Overall, it seems to be a shop run by people who know what they’re doing, for people who know what they’re looking for. This is reflected in the prices. While they aren’t the lowest in London, they’re very reasonable. You won’t get ripped off, a risk with vintage places. And there are bargains to be found – I once bought a 1940s evening cane there for £25, which is a fantastic price by any standards. If you’re into retro, for your home or your wardrobe, I would unhesitatingly suggest a visit here.


I’ve heard Gosh! Comics in Bloomsbury described as “the best comic shop in London,” and you know what? I agree. It’s easy to find, being practically opposite the British Museum on Russell Street. It’s not as large as the more-famous Forbidden Planet, but the selection of titles can’t be faulted.

Yr. Humble Chronicler is a fan of comics and, when I’m not writing blog entries, I’m a cartoonist of sorts. But the trouble with too many comic shops is that they tend to concentrate on the big boys – Marvel and DC in particular. Marvel are the owners of the Hulk, Spider-Man, X-Men, Iron man and many others, DC have Batman, Superman, Wonder Woman, Aquaman et al. It’s not that I dislike the work of these companies (although now the Marvel universe is ridiculously tangled in continuity and crossovers to the point at which no single title is remotely accessible to the newcomer), but their dominance of the market does nothing to help the stereotype that all comics are juvenile, macho rubbish full of spandex-clad berks beating each other up.

Gosh! Comics does stock the big boys, but the emphasis is on the more eclectic stuff – underground comix, indie graphic novels and collections of artwork. It’s a graphic art student’s wet dream with its selection of classic children’s picture books and offbeat work by lesser-known creators. It is, therefore, the perfect place to make new discoveries. There are a number of creators whose work I’ve only been introduced to because I saw them prominently displayed here (as opposed to stashed away on a shelf to one side, as is often the case).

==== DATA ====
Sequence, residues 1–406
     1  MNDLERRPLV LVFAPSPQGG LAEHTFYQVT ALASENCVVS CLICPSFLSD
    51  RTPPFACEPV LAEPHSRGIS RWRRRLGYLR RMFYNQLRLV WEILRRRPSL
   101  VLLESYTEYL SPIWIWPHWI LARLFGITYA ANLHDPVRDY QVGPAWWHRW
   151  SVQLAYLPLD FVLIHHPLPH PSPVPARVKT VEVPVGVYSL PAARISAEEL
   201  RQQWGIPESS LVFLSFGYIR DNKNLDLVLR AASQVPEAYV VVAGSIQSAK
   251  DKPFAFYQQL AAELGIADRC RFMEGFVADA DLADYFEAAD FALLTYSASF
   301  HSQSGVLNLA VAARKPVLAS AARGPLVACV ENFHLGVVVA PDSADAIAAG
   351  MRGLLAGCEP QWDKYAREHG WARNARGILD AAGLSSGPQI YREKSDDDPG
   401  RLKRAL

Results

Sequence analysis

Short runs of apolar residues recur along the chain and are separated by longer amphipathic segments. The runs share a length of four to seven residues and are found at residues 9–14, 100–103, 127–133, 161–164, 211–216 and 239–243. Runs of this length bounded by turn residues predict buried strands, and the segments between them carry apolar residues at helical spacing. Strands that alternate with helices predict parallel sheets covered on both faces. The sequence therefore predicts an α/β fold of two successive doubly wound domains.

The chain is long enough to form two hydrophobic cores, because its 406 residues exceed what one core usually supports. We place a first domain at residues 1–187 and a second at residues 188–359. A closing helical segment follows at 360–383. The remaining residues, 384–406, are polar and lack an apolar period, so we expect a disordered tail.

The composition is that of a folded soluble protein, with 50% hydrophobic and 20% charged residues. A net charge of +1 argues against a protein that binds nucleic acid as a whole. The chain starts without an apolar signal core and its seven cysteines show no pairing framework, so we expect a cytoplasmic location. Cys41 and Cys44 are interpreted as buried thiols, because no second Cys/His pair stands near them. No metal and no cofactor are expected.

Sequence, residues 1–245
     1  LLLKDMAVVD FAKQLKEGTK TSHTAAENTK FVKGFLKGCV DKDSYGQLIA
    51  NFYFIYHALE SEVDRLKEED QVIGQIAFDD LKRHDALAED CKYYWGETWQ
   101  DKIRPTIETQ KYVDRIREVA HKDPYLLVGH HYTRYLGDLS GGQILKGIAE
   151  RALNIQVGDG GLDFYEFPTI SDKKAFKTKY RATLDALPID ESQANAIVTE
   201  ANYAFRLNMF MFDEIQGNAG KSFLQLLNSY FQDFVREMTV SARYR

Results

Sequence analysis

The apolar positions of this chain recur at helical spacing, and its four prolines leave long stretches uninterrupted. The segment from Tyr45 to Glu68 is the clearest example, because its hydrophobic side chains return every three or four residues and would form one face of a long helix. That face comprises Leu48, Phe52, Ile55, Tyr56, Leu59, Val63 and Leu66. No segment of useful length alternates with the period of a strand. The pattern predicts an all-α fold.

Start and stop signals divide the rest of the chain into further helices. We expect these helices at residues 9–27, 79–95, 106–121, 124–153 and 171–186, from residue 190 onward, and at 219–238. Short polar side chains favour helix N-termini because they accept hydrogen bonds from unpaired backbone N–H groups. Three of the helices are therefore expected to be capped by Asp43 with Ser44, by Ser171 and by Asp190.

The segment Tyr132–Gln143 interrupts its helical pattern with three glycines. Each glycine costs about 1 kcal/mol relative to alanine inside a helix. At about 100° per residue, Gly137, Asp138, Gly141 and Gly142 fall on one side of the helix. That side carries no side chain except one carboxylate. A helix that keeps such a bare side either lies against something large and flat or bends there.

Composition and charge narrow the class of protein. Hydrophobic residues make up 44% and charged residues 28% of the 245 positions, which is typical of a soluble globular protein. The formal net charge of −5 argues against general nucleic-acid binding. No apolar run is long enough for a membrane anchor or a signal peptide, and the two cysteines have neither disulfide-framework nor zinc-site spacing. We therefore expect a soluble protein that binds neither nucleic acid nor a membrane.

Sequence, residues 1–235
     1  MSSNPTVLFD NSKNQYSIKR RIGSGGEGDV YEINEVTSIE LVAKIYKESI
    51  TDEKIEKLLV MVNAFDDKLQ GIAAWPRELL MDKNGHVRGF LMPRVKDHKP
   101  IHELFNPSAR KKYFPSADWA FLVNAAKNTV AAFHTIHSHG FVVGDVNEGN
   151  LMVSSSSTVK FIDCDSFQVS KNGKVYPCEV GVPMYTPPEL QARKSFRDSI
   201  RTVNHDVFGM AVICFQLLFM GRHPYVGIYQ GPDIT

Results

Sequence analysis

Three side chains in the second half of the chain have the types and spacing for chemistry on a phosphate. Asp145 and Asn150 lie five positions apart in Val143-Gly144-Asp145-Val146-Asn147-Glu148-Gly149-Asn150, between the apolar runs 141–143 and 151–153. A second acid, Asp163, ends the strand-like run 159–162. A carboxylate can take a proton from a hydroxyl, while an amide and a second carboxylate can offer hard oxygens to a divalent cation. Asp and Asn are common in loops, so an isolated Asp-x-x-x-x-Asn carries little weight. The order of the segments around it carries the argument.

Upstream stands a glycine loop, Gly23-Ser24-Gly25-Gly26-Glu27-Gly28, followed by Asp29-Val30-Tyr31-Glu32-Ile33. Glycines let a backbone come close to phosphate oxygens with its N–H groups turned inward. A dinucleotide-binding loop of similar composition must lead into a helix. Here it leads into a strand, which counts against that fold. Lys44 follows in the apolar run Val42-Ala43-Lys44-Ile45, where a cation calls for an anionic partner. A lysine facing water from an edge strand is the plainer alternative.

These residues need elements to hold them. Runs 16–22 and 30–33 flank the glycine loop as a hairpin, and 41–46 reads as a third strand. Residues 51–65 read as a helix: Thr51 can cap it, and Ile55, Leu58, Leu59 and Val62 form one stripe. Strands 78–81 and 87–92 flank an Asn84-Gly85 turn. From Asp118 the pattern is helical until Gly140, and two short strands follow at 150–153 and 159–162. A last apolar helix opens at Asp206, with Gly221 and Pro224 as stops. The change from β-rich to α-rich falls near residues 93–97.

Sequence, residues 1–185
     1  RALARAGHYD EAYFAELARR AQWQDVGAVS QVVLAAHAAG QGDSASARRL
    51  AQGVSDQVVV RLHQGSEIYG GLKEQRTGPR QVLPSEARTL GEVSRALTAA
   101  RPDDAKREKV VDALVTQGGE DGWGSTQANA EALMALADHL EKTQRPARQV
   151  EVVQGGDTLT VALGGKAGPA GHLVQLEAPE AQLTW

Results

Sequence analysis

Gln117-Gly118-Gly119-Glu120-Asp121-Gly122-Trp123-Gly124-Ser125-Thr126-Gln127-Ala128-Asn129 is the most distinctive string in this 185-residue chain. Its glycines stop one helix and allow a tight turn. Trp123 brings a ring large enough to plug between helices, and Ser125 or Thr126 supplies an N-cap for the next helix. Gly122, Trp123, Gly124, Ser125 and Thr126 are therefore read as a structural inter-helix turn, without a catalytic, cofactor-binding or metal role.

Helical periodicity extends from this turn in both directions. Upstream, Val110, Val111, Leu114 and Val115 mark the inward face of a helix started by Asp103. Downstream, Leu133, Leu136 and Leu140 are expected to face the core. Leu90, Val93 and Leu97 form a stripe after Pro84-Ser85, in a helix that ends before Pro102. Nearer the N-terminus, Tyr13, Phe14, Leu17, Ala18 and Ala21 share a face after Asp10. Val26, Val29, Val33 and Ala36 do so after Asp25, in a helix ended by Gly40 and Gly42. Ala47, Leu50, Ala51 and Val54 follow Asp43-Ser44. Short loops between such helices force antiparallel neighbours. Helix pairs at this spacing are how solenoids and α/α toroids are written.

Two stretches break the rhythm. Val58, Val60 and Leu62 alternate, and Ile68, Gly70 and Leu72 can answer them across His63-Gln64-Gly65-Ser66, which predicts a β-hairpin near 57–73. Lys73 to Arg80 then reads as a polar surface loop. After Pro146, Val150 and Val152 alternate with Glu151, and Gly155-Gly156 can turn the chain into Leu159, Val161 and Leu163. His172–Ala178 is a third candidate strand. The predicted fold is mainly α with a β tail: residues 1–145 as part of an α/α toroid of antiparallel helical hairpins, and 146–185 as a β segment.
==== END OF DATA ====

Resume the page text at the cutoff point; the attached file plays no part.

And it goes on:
The place also seems to be highly regarded among the professionals, given the calibre of people they have performing signings there. I was fortunate enough to attend a signing by the legendary Alan Moore. Nice bloke, as it happens. He even promised not to set fire to my office, which was good of him. I was at another by Ian Edginton and D’Israeli, purveyors of quality Victoriana such as Leviathan and Scarlet Traces. They’ve also had signings by Kevin O’Neill (distinguished for being banned under the Comics Code Authority for being too mental), Gilbert Shelton (creator of The Fabulous Furry Freak Brothers) and Joe Sacco (of the acclaimed Palestine and other documentary graphic novels).

If you’re a comics fan, and you’re considering visiting Forbidden Planet, I suggest a brief detour to Gosh!. I guarantee pleasant surprises.


1 Comment

Filed under 20th Century, Bloomsbury, London, Randomness, Shopping, Waterloo and Southwark, Weird shops

One response to “Shop-o-Rama

  1. Janie L. Reed

    I refuse to believe this!!!!!